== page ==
When a mentalist or psychic makes use of this sort of thing, along with the many other covert ways employed to obtain information, it can be amazing and entertaining. But [it] gets a little legally fuzzy when you see people breaking down and crying. That’s not entertaining, it’s sad….It’s a nasty business from start to finish. I consider if my personal and professional responsibility to tell the truth about what’s really going on behind these contrived scenes.

But then in another part of the book, he says:

Although I’m seldom called upon to talk to dead people….to admit to not having any other-worldly connections in this admittedly far-fetched branch of my craft would be to decrease my marketability….And as much as I would like to stop and take the time to educate each audience member as to what is truly going on with this whole psychic business, that’s not normally included in my job description.

And anyway,

A disclaimer is a declaration that “disclaims”…that everything is being done through purely natural means, including trickery….To initially discount any mystical possibilities that may occur, either in the mind of the sitters or through any events that are revealed through this natural process, is in my opinion a waste of time. Plus, it takes the mystery and much of the fun out of the experience.

So I guess you shouldn’t make people sad on purpose? And the whole talking to dead people thing can take a turn for the emotional so that one’s probably a dick move? Unless the money’s good? And it’s wrong to deceive people, so Mark Edward to the Rescue! But undeceiving them takes all the fun out of it? Y’all, I don’t even know. The thinking, it is fuzzy.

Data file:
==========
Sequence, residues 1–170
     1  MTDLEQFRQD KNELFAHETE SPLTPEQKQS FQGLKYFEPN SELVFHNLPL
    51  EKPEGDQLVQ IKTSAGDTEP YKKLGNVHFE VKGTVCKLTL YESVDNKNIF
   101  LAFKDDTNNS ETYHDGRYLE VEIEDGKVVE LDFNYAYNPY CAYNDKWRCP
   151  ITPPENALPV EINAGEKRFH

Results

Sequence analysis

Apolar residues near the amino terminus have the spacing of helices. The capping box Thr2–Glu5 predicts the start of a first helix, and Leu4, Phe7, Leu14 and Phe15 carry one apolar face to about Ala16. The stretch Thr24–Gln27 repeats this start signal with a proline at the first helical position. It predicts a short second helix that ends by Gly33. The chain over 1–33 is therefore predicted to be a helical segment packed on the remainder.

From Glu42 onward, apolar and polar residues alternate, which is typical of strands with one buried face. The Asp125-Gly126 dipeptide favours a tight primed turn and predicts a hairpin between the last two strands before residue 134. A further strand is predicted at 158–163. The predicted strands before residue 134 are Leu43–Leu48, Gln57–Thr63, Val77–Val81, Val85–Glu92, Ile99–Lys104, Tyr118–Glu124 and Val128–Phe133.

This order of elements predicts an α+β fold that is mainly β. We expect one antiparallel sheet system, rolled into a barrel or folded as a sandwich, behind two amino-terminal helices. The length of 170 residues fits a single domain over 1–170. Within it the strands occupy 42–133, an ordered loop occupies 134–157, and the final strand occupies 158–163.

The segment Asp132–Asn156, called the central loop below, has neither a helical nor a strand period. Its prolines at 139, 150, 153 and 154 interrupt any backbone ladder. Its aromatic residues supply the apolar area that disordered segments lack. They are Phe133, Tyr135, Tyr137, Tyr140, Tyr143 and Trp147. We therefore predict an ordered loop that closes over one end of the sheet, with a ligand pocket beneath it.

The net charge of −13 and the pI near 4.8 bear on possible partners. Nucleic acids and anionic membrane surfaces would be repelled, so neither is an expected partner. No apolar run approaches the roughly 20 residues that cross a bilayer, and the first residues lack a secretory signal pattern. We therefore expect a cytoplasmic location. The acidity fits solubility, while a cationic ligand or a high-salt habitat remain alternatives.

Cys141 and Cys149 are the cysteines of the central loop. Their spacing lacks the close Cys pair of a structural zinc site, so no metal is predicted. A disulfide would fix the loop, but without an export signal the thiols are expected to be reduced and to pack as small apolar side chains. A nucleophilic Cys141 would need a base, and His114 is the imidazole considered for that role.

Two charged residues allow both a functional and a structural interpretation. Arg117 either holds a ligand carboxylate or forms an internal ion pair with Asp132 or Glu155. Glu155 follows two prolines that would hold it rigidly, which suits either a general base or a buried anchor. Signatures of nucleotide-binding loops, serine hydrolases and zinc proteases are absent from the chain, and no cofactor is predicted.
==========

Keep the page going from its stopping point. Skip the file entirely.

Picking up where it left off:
There was one incident where Mark Edward gets a letter from someone he had talked to on the Psychic Hotline, where she says she had been going to kill herself and then she didn’t because he gave her a hopeful reading. And he feels really good about himself:

Though I was…playing a small part in a huge commercial system that sold compassion and exploited human misery, as I looked around at the colors of the autumn leaves and breathed in the fresh morning air, the warmth of a new illumination dawned on me. I had an awesome responsibility.

What? No! No autumn leaves! No fresh air! Dude, this is so ick. Take away the first clause in that sentence and put it in the mouth of someone who volunteers at a suicide hotline, and I would still think it was kinda gross. It’s real gross coming from a guy who makes shit up in the employ of a shady psychic hotline that charges sad desperate people (as well as, of course, people who are neither sad nor desperate) $3.99 a minute for a message of hope. This happens early on in the book, and it was so gross I needed Edward to make it up to me. I wanted him to show me that he had become more self-aware about his work, that he had grappled with the implications of his job and figured out where his personal moral lines were, that he had a code and stuck to it. Or at least to tell stories that were funny and interesting.

But he didn’t really do that. I still have no idea what his moral code is, and I still feel icky about him, and I didn’t like his boring book.